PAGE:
Imagine driving to work on a tank of pee. It's not as far fetched as it may sound. A professor in Ohio, Gerardine Botte, is said to have invented a technology that transforms urine into hydrogen.
Botte recognized that urine contains two compounds that could be a source of hydrogen: ammonia and urea. Place an electrode in wastewater, apply a gentle current, and voila: hydrogen gas that can be used to power a fuel cell.
Her system operates similarly to the electrolysis of water, a process that can be used to produce hydrogen for fuel cells - except that ammonia and urea hold their hydrogen atoms less tightly than water does, so less energy is required to split them off. Botte isn't the only scientist with her mind in the sewer. A group of scientists in the UK, for example, is working on a fuel cell powered directly by urine.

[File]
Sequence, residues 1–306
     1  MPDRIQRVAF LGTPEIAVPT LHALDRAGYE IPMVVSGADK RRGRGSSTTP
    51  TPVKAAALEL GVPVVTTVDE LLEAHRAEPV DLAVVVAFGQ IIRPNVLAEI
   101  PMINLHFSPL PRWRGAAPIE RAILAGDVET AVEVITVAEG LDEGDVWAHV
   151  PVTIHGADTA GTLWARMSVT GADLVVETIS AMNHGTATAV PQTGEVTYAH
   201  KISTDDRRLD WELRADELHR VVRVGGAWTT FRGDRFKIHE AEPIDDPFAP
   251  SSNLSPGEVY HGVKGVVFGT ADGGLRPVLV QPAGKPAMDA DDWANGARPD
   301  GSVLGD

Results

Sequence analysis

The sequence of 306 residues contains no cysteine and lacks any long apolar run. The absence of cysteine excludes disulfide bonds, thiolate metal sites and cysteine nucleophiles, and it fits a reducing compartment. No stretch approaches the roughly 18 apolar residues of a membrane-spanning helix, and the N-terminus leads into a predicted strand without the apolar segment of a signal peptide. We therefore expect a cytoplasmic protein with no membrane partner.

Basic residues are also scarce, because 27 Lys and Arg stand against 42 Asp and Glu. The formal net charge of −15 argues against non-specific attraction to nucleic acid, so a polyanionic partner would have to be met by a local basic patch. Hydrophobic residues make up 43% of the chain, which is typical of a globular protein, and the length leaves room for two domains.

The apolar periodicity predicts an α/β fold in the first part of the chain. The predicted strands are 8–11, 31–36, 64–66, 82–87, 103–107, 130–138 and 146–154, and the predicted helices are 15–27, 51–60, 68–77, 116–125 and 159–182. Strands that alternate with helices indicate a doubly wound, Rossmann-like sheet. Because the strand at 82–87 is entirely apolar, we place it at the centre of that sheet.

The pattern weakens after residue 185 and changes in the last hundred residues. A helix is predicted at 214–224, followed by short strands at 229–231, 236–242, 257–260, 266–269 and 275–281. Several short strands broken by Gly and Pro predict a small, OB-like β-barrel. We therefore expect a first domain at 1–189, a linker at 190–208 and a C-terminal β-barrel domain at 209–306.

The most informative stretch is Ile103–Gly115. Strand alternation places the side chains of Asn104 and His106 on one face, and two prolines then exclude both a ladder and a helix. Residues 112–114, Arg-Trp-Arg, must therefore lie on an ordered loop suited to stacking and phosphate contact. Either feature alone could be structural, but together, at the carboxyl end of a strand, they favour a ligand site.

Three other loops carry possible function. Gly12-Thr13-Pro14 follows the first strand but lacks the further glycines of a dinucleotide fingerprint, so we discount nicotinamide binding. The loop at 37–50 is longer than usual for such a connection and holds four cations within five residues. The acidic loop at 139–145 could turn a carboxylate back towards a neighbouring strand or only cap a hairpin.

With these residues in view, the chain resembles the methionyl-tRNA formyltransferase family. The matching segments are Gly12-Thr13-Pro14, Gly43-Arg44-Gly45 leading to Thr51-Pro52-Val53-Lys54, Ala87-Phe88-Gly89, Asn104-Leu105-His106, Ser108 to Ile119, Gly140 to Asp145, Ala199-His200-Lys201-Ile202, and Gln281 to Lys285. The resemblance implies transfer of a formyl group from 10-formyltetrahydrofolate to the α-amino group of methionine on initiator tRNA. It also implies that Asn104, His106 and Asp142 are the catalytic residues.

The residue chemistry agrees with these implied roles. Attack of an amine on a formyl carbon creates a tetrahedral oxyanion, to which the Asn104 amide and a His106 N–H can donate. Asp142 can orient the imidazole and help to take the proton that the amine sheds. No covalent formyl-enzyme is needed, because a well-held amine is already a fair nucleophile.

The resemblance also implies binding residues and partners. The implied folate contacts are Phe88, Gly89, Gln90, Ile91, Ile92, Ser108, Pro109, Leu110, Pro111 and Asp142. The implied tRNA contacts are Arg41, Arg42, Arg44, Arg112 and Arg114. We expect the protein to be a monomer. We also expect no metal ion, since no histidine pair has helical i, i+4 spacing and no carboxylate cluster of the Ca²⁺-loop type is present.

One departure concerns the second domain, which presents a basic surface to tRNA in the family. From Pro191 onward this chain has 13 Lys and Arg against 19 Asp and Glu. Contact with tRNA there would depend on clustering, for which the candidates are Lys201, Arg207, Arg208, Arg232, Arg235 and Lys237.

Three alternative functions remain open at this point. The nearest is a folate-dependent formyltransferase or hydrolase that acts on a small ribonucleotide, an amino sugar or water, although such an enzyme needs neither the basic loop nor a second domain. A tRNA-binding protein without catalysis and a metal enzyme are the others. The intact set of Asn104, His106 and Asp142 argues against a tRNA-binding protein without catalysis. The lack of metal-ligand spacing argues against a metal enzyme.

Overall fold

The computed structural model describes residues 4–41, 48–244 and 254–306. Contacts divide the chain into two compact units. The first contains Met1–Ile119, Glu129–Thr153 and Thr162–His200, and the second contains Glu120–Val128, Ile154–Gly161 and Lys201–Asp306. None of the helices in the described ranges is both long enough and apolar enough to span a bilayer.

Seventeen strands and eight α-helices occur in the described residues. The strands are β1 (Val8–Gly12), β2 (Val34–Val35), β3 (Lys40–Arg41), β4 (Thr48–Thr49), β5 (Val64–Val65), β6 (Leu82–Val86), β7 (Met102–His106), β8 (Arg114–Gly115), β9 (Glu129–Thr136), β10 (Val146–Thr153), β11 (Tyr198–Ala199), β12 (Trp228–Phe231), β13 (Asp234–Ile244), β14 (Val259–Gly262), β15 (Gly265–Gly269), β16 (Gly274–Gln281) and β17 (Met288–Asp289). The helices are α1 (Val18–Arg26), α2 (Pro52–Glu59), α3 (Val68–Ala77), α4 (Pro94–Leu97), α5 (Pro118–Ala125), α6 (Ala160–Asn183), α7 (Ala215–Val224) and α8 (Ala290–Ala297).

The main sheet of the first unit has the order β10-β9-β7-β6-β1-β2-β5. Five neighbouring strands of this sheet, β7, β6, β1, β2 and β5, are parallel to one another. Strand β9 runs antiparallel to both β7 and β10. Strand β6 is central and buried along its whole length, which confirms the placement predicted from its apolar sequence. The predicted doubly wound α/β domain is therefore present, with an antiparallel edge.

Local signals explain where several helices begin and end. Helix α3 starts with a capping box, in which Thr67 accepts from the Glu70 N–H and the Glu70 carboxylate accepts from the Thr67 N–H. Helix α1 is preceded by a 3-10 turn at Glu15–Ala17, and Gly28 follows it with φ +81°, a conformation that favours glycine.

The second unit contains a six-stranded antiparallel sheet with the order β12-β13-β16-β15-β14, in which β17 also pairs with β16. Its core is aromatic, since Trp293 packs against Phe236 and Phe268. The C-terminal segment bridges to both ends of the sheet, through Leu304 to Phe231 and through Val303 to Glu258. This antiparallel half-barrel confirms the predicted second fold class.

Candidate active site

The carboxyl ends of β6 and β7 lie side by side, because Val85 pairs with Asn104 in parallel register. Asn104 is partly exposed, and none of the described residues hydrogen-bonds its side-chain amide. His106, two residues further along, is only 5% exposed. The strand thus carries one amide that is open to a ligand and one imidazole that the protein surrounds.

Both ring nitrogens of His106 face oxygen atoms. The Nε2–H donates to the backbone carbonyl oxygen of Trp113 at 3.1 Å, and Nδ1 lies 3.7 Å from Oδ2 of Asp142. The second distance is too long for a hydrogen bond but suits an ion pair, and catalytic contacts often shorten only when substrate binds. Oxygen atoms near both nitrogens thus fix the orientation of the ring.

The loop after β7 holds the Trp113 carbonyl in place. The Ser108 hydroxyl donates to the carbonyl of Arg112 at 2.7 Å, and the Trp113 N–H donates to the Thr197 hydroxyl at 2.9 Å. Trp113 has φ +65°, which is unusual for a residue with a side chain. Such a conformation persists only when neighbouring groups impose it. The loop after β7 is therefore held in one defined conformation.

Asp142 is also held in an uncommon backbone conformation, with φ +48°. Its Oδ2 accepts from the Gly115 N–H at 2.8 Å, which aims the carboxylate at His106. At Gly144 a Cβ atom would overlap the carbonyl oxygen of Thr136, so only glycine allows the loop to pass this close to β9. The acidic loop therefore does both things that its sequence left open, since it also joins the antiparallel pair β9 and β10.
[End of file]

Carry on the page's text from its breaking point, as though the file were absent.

Botte's technology has the greatest potential for power generation in settings where large numbers of people gather - airports and sports stadiums, for example. An office building with 200 to 300 workers could generate 2 kilowatts of power, Botte has calculated. Granted, that's not enough to power the building, but every drop in the bucket helps.
This technology is thought to be perfect for feedlots where a thousand head of cattle could generate up to 50 kilowatts of power.